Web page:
Here in Denver, we live cheek by jowl with nature, which is becoming redder in tooth and claw. Coyotes are getting bolder, biting small children and even attacking adults. Small pets have vanished suspiciously.
In a nearby urban park, I’ve seen coyotes, some skulking through the brush, but others marching boldly toward who knows what sort of mayhem. No attacks yet on joggers or soccer players, nor pitiful yelps and mournful cries of “Come back, little Sheba!” But this bit of good luck is no thanks to the obliviousness of some dog owners who, despite signs warning of coyote danger and reiterating leash-law strictures, regularly let Fifi romp in the tall grass where a well-concealed coyote is setting the table for a dinner of Shih Tzoup and Yorkshire Terrieraki with a side of Pomeranian Frites.
It’s tempting to suggest to these ninnies that Wile E. is waiting around the corner, but why not let Darwin have his innings. Perhaps, with more practice and a little luck, our adaptable neighbor can winnow out the truly feckless (and I’m not talking about dogs).
Besides cunning and amazing adaptability, Denver coyotes have the advantage of a transportation network that would have been the envy of the early Interstate Highway planners. The Highline Canal is a good example. It once drew water from the South Platte River in the Foothills to irrigate farms and ranches to the east, on the Plains, but now wanders like an irresolute earthworm, dry most of the year and a perfect unbroken coyote path from burbs to urbs.
“OK, dear, I’m off to work,” Papa Coyote calls from the den door. “Yes, yes. Don’t forget your shopping list. One chihuahua for Wile E. Junior, a poodle or two, and, if you’re near a supermarket, some noodles to go with the poodles. Bye bye. Lope safely.”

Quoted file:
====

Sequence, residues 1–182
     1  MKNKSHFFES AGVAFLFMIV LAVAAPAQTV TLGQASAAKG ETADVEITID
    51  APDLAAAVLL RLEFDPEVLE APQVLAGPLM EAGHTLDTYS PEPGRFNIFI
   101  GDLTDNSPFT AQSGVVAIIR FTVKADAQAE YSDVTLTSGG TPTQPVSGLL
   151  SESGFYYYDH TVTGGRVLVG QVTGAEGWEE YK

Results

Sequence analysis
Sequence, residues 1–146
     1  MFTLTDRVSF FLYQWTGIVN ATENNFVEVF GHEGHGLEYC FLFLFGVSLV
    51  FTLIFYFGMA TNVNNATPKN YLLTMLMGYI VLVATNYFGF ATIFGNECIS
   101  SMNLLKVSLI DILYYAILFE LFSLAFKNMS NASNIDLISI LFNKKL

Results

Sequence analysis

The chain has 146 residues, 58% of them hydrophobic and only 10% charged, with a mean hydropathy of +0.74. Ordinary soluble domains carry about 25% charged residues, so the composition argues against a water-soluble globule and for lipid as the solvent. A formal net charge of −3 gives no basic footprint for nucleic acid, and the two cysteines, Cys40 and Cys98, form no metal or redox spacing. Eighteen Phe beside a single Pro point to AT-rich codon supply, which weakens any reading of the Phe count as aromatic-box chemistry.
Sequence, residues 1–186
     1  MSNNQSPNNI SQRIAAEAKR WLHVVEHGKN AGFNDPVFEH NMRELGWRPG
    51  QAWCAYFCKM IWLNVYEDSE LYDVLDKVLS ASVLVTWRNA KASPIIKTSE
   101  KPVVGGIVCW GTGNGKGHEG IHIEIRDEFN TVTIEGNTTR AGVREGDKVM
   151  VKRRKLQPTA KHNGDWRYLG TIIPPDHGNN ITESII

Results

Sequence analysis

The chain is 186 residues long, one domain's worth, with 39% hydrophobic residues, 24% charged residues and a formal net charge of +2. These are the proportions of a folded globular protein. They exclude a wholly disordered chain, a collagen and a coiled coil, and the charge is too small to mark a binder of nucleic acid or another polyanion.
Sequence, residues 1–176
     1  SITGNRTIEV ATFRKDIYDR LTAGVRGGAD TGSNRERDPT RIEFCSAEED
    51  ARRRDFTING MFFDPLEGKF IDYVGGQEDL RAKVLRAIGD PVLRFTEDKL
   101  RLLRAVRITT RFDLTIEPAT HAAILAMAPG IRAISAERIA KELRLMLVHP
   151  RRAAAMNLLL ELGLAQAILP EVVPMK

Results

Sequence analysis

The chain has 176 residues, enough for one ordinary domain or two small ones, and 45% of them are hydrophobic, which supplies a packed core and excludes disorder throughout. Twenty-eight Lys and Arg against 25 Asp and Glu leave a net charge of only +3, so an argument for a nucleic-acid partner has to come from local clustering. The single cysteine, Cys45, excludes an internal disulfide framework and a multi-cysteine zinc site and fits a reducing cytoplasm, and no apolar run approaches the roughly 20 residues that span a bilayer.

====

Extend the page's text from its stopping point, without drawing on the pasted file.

Later on, when the kids get bigger, Mama and Papa will send them off to the Big City to polish their job skills, treading the same well-worn trail that Papa traveled. They’ll come home from time to time, bringing a squirrel or a chipmunk if they’re thoughtful. Some of them, sadly, will get involved with the wrong crowd, drinking too much ditch water, partying in alleyways, crossing crowded streets on a dare. But most will survive, get married, and multiply, setting up households along the hundreds of miles of trails that connect with the Highline Canal, then in parks, then in back yards, ….
By then, will the supply of pets have diminished? Will we, challenged by a fitter, mentally more agile, far more urban-savvy foe, be the next item on the menu? But let’s not be alarmist. Nature has a wayof fighting fire with fire. Mountain lions are making their way stealthily into our midst and rumor has it they’re getting tired of their usual diet. Now, how to distract them from our darling little Mittens?……………………….. and promote …………………….. The Other Red Meat!